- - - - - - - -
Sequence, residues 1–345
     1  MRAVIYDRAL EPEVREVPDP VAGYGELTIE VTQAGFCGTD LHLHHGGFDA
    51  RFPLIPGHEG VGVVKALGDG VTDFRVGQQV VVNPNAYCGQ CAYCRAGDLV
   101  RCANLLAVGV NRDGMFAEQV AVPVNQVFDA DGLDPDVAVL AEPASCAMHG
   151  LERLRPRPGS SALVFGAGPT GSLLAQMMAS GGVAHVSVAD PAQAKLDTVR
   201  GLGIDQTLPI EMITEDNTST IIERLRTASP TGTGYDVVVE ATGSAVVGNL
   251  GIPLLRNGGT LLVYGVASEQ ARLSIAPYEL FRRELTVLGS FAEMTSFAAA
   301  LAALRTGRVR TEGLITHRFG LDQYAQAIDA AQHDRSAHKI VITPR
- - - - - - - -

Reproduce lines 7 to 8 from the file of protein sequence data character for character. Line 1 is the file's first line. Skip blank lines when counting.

   251  GIPLLRNGGT LLVYGVASEQ ARLSIAPYEL FRRELTVLGS FAEMTSFAAA
   301  LAALRTGRVR TEGLITHRFG LDQYAQAIDA AQHDRSAHKI VITPR